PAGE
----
Lawsuit reflects the complexity of making giving to missions more tangible.
“Will you please raise your hand if you’ve ever seen the movie Groundhog Day?” asked federal judge Timothy Brooks in a February lawsuit hearing. “I feel like I am Phil Connors, who was portrayed by Bill Murray.”
Brooks was frustrated that the defendant—Gospel for Asia (GFA), one of America’s largest missions agencies—was dragging its feet in producing documentation of how its fundraising money has been spent. GFA, which focuses primarily on India, offers donors 179 gift options on its website and in its annual Christmas catalog, ranging from water buffaloes to sewing machines. But an ongoing lawsuit alleges that donor money isn’t actually used for those things. The suit also claims that funds solicited for disaster relief after floods or hurricanes are similarly misused.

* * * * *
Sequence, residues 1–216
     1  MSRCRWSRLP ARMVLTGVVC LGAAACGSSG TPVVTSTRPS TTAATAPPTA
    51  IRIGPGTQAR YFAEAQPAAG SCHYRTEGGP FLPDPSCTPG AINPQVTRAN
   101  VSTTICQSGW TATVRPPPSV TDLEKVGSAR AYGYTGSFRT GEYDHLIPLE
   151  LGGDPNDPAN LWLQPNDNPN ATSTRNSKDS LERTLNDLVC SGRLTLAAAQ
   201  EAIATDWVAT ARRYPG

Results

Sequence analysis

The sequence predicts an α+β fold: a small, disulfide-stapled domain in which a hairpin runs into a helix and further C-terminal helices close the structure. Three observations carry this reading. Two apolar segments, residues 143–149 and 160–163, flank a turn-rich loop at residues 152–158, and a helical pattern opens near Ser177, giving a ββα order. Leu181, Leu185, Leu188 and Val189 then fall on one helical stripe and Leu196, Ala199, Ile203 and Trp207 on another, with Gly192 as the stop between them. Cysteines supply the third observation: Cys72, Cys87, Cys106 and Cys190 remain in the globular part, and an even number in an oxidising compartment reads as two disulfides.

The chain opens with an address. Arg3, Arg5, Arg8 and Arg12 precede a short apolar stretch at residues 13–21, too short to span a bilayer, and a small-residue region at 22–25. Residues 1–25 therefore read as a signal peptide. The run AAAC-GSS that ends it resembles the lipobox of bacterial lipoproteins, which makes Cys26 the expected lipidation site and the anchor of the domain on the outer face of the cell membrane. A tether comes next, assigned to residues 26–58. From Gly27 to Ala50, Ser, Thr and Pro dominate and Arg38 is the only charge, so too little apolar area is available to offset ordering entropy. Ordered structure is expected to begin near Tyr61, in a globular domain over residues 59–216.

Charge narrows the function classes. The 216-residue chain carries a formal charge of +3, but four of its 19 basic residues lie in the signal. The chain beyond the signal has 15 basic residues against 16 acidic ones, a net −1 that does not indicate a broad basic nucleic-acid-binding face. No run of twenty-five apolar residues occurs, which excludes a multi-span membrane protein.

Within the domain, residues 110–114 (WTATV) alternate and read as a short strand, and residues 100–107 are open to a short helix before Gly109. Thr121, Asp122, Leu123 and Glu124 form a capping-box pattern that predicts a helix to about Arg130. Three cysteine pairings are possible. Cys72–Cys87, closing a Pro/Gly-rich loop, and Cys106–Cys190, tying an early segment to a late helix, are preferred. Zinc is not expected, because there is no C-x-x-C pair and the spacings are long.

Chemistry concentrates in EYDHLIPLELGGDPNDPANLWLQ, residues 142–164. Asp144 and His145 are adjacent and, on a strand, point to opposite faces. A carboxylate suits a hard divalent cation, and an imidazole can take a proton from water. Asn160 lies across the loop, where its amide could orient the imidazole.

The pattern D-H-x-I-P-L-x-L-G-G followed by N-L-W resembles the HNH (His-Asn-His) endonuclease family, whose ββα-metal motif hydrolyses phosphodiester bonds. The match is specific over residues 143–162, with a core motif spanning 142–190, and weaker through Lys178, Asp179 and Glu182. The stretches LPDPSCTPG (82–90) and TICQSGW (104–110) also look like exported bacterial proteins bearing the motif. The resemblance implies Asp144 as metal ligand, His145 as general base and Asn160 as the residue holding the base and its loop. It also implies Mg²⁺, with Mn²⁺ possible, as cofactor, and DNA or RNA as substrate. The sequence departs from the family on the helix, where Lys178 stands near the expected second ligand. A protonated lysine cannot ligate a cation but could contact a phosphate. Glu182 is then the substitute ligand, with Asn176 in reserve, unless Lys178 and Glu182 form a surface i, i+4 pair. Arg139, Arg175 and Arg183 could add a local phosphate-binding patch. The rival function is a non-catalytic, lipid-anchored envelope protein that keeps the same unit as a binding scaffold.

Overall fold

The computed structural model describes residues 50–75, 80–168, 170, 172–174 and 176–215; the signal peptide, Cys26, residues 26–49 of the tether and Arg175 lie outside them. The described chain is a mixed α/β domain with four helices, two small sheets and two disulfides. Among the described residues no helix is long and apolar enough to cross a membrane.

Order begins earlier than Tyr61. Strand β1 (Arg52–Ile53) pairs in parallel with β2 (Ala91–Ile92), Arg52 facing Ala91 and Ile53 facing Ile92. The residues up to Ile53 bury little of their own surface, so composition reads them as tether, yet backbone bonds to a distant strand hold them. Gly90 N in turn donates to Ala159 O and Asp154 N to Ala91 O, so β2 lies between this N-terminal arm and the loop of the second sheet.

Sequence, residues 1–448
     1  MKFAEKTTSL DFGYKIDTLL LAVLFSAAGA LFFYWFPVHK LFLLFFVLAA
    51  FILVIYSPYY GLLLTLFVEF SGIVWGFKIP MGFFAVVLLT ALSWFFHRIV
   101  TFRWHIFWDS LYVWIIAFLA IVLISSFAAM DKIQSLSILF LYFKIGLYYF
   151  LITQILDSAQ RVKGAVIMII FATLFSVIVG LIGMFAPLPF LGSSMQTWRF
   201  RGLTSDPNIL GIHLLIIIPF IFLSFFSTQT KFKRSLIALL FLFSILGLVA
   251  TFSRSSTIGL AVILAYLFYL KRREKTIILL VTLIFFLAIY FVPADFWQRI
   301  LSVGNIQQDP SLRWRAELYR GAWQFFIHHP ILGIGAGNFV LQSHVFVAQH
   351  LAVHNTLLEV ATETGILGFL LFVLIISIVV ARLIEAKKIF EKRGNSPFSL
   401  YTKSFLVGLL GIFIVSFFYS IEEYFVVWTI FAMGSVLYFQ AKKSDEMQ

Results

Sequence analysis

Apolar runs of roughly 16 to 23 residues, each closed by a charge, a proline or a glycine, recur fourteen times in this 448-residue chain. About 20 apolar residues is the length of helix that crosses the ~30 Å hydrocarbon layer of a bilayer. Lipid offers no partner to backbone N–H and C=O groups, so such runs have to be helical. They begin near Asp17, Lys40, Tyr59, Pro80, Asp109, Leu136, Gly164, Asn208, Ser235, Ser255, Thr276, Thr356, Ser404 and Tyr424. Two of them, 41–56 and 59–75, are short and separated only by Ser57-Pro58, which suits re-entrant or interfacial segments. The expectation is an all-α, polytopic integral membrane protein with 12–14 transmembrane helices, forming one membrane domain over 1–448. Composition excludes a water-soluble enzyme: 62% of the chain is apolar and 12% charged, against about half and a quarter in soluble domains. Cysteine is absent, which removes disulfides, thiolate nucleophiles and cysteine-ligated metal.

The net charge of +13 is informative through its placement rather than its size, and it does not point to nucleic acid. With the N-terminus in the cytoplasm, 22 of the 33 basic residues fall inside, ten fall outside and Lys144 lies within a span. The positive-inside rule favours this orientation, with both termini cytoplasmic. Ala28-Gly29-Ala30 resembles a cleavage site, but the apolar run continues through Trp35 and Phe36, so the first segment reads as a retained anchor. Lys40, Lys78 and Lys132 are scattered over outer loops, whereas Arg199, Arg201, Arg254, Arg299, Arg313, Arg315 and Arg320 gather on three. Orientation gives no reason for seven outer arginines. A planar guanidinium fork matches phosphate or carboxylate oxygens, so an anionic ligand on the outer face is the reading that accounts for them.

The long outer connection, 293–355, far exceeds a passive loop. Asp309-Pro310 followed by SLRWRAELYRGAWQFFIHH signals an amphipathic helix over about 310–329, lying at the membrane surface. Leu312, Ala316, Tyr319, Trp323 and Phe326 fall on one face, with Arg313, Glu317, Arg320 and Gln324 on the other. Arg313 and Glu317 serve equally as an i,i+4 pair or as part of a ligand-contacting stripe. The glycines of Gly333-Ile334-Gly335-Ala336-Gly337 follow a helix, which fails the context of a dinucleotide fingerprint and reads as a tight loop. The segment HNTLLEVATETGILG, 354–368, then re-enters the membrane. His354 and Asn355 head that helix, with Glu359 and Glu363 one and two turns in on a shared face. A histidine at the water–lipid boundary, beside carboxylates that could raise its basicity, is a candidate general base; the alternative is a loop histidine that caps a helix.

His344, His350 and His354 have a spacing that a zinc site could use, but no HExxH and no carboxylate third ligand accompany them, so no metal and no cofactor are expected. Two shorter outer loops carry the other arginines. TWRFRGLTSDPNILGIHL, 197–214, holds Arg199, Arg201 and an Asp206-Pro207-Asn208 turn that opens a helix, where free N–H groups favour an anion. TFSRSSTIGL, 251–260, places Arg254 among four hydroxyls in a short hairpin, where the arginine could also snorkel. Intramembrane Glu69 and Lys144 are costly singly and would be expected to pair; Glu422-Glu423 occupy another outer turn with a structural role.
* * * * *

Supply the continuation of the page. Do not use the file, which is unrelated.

Two couples have separately accused GFA of sending only 13 percent of its donations to the field, not the oft-promised 100 percent. One of the cases has stalled in court. In the other, Brooks took the unusual step of appointing a “special master” to “finally get to the bottom” of the financial trail in June. In September, he green-lighted the switch to a class-action lawsuit.
The class is enormous: It covers about 180,000 donors looking to recover $376 million in donations given since 2009.
GFA contends that the donated money did get to the field, but that proving it was spent correctly would be almost impossible given that “millions of hard copy” receipts are spread across its partners in India. And anyway, the ministry stated, the “100-percent guarantee” that the money would be spent “on the field” didn’t mean it would be spent precisely …